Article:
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What Was Missing from the State of the Union Address?

Black History Month is here. As I read the transcript of the President's State of the Union address, I thought about the origins of Black History Month and how the nation has changed since that auspicious beginning in 1926. At the Communities for Just Schools Fund, we are clear that creating healthy schools that serve all children equitably requires uprooting and destroying, forevermore, racism and all of its evil tendrils - implicit bias, the myth of white supremacy, broken narratives about people of color. What was missing in the SOTU speech was any mention of the twins, race or racism, or any of their compatriots. That erasure is yet another signal, a message to those who would absorb it, to continue to dismiss and reject every possible cure for the nation's racial illness, at all costs. As Ralph Ellison wrote in Invisible Man, however, "America is woven of many strands... Our fate is to become one, and yet many - this is not prophecy, but description." We simply are who we are as a nation, and we are changing.

At CJSF, we recognize Black History Month. We are hosting a screening of the movie Black Panther - together with our friends at Frontline Solutions, Ghost Note, and PushBlack - at which we will welcome CJSF partners Dream Defenders and Philadelphia Student Union in a panel discussion to center the voices of Black children and Black community in ongoing movement activity that is developing and disseminating that multifaceted cure for racial illness starting in the nation's schools.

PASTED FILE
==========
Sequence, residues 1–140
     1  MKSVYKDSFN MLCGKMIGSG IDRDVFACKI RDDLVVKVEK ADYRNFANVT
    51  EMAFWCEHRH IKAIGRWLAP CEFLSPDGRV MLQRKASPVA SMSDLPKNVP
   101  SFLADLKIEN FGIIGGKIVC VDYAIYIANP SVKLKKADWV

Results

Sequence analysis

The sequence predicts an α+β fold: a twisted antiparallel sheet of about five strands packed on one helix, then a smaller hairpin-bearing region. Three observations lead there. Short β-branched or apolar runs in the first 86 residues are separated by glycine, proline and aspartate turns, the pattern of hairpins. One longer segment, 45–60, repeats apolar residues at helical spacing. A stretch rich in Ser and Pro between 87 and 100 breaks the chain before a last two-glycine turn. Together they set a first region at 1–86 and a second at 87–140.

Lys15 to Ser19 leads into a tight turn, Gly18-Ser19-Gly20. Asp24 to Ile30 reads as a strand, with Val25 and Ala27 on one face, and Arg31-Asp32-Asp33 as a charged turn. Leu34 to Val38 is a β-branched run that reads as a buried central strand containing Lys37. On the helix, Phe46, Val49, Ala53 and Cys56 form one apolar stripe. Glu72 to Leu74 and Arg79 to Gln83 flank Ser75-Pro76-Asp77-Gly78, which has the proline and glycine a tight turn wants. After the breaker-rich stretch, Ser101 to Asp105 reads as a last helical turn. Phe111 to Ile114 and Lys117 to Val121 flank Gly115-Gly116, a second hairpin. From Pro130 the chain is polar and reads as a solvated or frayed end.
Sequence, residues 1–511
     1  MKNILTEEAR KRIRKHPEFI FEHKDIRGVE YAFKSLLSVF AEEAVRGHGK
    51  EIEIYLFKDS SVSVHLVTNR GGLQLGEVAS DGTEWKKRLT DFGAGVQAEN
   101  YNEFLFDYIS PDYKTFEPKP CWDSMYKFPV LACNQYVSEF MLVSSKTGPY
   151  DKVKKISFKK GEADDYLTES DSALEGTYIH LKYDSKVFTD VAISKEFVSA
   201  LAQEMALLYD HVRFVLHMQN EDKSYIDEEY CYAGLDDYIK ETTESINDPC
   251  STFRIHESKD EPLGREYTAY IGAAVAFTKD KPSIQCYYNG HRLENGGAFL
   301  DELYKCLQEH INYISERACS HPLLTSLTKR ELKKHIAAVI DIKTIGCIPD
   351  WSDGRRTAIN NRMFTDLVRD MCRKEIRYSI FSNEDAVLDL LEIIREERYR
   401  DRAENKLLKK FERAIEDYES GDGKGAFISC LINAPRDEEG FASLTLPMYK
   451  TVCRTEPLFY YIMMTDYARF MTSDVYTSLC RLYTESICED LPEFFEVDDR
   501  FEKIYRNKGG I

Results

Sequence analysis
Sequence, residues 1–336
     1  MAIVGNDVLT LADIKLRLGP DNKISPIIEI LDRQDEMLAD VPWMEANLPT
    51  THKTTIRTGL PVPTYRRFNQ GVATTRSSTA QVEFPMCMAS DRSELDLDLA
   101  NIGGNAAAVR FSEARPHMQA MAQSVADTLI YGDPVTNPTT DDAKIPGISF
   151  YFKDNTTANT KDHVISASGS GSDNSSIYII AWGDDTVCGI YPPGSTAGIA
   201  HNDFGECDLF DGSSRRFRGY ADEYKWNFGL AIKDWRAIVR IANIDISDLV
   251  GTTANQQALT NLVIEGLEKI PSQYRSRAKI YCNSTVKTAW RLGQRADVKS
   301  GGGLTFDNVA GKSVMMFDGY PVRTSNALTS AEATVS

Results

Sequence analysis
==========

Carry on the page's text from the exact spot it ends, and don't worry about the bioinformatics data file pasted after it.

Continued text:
We also will continue to work with partners like Gwinnett SToPP in Georgia, as we did in this co-authored USA Today op-ed, to stop this administration's systematic erasure of race-focused federal policies that protect young people in schools.

We welcome all of you to share on social media the things you are doing to uproot and destroy racism in education. Use the hashtag #JustSchools to share your story so that the world can see just how powerful we are together. #BlackHistoryMonth #WeWillWin.


Allison R. Brown

Executive Director

Communities for Just Schools Fund

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1 Comment

Mar 29, 2021

The work is a revision of the short film The First Wave, starring a young woman who wakes up after being cured of an infection and considered the prequel to this film. The plot also reminds us of the miniseries In the Flesh, produced by the BBC in 2013 and is about a young man who returns to his hometown after being cured.

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